Theatre in Wales

Commentary and extended critical writing on theatre, dance and performance in Wales

Year One of National Theatre: Impact & Innovation

National Theatre of Wales Productions 1-13

November 5th 2009 seems another age. Aberystwyth Arts Centre even laid on cake to mark the launch that day of the National Theatre of Wales. As production after production, location after location, was unfurled the sheer scale of it became too much to take in. Someone was half-way up a mountain, although it seemed more to boast the capabilities of technology than to serve any theatrical purpose. There was a wry joke on the lines of “I never expected I’d be announcing a John Osborne premiere.”

By coincidence Rhodri Morgan gave his valedictory lecture the following day. The first task of the Assembly, he said, had been no more than to establish its legitimacy. The outcome of the March referendum has been his vindication. So it is with any new institution. After the first night in Blackwood I wrote “The first season of any new company is a test. If it succeeds in being fresh and challenging that is more than sufficient.”

In Scotland there are voices to be heard, even if only amongst the bile of internet comment, which challenge the right of their National Theatre even to exist. Whatever the judgements on individual productions here it is a rare voice, if any, that would say the same of the National Theatre of Wales.

In August last year the organisers at the Welsh Venue Thirteen in Edinburgh left newspapers in the garden for their waiting audiences to read. To pick up a copy of the “Times” on a random day and to see the words “Theatre” and “Wales” and a national critic in ecstasy may have happened before but, if so, it was a while back.

Sifting through the words of my own engendered by National Theatre of Wales’ productions these are just a few: “masterly”, “perfectly judged”, “as technically demanding a piece of breath control as it comes”, “vibrancy of language”, “significant”, “novel and unexpected”, “meticulousness of the production”, “sublime Dionysiac theatricality”, “dazzling production”, “quirky, original, fresh and distinctive”, “spirit and good humour”, “joyful, enthralling and unexpected”, “sheer grace and delicacy”, “radiates joy”, “moments of wonder”, “beauty”.

The point of the first year was breadth, different things happening in different places. If there was a connecting theme maybe it was accidental. The collection of artists seemed to cluster on parents and their children. “A Good Night Out in the Valleys” has four sets of fathers and sons. The whole situation is driven by Kyle’s mission to pay back the treatment received by his father. In the Osborne the young Huw Prosser has a terrifying father to deal with. On Mynydd Epynt Xerxes faces his father Darius on a giant screen. In Bridgend a mother grieves for a lost son. In Butetown a son goes in search of a father.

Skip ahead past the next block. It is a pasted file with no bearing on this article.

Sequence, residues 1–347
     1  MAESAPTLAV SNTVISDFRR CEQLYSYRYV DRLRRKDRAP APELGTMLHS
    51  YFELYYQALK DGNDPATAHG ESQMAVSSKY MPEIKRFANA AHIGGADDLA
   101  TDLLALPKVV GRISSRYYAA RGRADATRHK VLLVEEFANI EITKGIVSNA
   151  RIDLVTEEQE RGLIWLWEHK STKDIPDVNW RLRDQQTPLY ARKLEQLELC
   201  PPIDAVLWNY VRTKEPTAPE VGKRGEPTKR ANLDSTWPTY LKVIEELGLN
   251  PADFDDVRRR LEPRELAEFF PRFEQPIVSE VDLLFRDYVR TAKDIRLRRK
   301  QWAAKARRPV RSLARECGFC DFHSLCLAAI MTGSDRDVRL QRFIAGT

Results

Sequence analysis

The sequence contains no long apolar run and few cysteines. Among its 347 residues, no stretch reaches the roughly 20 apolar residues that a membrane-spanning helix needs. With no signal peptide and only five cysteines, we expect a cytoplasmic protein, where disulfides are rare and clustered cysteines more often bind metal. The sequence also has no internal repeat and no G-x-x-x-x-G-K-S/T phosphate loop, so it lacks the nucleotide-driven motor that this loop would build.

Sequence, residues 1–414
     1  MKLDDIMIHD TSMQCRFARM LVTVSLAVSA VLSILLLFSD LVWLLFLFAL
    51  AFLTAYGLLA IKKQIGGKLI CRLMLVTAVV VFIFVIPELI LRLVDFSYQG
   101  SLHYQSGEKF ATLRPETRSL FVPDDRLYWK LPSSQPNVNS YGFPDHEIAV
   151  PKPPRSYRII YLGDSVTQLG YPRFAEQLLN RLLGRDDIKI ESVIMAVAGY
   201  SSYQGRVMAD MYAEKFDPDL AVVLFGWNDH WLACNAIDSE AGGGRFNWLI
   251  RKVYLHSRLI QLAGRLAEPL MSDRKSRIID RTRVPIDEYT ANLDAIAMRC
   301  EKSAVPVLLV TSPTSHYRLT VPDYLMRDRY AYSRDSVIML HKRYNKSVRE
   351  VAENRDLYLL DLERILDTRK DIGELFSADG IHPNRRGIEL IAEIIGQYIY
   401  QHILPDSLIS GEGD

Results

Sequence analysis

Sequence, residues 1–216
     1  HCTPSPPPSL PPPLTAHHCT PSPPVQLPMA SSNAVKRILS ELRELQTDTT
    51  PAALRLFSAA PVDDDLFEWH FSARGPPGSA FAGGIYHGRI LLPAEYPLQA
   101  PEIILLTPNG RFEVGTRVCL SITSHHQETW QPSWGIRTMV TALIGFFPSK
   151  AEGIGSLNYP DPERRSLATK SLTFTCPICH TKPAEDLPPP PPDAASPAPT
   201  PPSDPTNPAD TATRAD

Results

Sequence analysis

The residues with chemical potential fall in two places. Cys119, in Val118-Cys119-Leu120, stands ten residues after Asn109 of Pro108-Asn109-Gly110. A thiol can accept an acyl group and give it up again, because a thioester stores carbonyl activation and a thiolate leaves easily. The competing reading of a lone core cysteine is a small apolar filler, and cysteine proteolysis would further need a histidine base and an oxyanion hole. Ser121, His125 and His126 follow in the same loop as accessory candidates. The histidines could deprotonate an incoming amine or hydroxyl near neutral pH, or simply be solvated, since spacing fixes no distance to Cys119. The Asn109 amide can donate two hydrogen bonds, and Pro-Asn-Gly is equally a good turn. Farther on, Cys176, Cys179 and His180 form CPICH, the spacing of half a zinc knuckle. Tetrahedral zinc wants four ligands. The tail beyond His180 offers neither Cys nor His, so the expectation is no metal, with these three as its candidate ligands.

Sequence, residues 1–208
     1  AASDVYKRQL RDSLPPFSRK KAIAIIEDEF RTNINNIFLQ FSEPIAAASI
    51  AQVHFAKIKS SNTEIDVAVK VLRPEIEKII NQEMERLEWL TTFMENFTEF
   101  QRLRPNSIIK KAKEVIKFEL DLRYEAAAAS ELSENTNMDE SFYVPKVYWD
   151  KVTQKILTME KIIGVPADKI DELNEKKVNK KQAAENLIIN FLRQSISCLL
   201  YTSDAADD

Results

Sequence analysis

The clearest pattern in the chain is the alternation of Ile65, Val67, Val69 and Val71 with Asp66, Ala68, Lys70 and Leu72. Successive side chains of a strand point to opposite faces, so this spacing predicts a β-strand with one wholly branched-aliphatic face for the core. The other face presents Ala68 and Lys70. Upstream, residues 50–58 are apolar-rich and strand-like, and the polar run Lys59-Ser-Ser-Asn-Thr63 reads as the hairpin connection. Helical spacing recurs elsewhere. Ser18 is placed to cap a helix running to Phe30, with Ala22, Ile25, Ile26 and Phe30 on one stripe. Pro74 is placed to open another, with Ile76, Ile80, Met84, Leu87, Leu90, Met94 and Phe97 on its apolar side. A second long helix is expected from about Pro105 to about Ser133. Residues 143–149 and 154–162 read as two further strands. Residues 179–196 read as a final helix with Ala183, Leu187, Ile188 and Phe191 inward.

Aleks Sierz’s recent book “Rewriting the Nation” celebrates theatre of the last decade but also makes room for what was left out. Summer holiday kept me from “The Beach” and winter weather, ironically, from “The Weather Factory”. Trustworthy voices report that, like “Outdoors”, neither were theatre. So, of the ten pieces of theatre six were outstanding. Two were good enough but had similar flaws in their process. Two did not work. That is a good enough hit rate.

With “The Passion” soulfully gone, eyes turn to year two. It is worth remembering three things. It is difficult enough for any organisation to fulfil a primary mission. When secondary functions start muddying management’s time and focus, the results are manifest. It does not help if a consultant or non-executive is in there spouting about satisfying different stakeholder groups. There is nothing wrong with secondary activities, and they are quite legitimate, as long as they are both contingent upon and consequent to the primary activity.

But education institutions are being harnessed to fulfil goals of “social justice”. A credit card company sends out a mass promotion involving the Olympics in which the athletes, the fulcrum of the thing, are mentioned as a third group. Increasingly the focus shifts towards whether the ceremonial part will be “better” than in China. Similarly, waving semaphore flags on top of a hill for a small group is nice to have but the real thing is production in front of an audience. My “Good Night Out” in Aberdare ended with “the cast received a mighty applause. They deserved it.” That is it. Nothing else need get in the way.

Second, drama. The drama in year one was written by dramatists who died in 1994 and 455 BCE. This is not a plea for Chekhov-on-the-Taff, as a Welsh dramatist phrased it. Post-narrative theatre is a strand but not the whole of performance. Personally my enthusiasm for new forms is usually greater than that of others. But new form is excuse neither for emotional stultification nor intellectual banality.

Too often dramatic conflict descends to a generalised “they.” Con in “A Good Night Out in the Valleys” ends up with a world of “us” and “them”, the “them” being a generalised mix of the ironmasters, the NCB and its successors. The spikiest theatre from elsewhere is specific and is not shy of providing a rich diet of fraudsters, psychopaths, delusionists. Philip Breen, late of Mold, has a hit with a revival of “The Hard Man.” Look at ”Shameless”, “The Slab Boys”, “The Boys from the Blackstuff” and popularity is not a disqualifier of quality.

author:Adam Somerset

original source:
27 April 2011


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